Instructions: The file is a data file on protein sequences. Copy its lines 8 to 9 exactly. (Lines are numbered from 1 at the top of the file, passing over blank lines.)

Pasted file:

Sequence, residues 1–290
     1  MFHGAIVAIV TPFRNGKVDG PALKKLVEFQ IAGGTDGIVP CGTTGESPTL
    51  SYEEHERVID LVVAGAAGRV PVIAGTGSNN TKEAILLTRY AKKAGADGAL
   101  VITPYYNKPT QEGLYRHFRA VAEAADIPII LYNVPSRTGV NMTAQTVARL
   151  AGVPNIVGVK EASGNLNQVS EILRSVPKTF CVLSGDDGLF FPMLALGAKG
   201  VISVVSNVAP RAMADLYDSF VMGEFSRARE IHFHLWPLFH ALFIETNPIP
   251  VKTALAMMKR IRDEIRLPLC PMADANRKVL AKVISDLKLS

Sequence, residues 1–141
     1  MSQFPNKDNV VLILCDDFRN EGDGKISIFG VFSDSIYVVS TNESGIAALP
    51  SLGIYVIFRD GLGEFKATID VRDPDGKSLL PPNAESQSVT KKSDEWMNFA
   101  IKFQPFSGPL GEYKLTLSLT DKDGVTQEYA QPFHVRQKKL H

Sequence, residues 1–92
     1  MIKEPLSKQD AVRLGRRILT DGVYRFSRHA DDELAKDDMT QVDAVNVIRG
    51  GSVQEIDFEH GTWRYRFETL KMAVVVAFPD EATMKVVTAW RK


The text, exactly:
Sequence, residues 1–141
     1  MSQFPNKDNV VLILCDDFRN EGDGKISIFG VFSDSIYVVS TNESGIAALP